Birchwood Casey Aluminum Black Touch-Up 3oz
The room temperature chemical used by gunsmiths and industry to blacken aluminum parts. Restores scratched and marred areas quickly. Fast-acting liquid is easy to apply with no dimensional change. Color will vary from deep gray to black depending on alloy. Aluminum Black Metal Finish is also excellent for blackening name plates, plaques, trophies and other engraved items.
Key Features of the Birchwood Casey Aluminum Black
- Restores scratched and marred areas quickly.
- Fast-acting liquid is easy to apply with no dimensional change.
- Final appearance can be enhanced by applying a clear coat finish, wax or oil.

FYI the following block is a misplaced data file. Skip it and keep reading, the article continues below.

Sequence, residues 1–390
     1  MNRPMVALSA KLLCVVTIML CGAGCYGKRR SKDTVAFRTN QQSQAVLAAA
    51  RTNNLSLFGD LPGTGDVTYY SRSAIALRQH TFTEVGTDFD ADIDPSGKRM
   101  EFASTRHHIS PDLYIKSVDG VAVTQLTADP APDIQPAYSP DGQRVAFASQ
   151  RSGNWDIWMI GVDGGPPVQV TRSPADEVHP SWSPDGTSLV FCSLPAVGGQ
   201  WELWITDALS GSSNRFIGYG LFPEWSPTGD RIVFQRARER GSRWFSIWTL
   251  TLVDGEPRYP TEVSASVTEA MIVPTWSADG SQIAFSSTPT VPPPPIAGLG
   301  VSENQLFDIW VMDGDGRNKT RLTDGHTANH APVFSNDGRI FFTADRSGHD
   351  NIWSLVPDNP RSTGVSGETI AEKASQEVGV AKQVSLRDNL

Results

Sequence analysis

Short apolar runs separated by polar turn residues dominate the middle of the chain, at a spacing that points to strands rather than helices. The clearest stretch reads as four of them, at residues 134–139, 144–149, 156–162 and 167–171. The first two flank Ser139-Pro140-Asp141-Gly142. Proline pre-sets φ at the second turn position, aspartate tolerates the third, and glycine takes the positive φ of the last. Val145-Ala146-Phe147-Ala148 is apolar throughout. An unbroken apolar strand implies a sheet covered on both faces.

The distinction between inferior quality and premium Aluminum Black Touch-Up is undeniable. At MSP, we only offer Gun Refinishing supplies from the most trusted brands like Birchwood Casey. Buy with confidence that we stand behind the product we sell.
Customer Ratings & Reviews
Works great, just needs a little acetone cleaning to start
Followed the directions and all my scratches disappeared.
Works for me
If the part is clean, Birchwood Casey aluminum black seems to work fine. I've used mineral spirits to clean the elements, and the color holds without issue and does not rub off. As stated in other reviews, the secret is a CLEAN PART before applying the AB. The color may not match in every application, but it is made for touching up, not refinishing. That it does.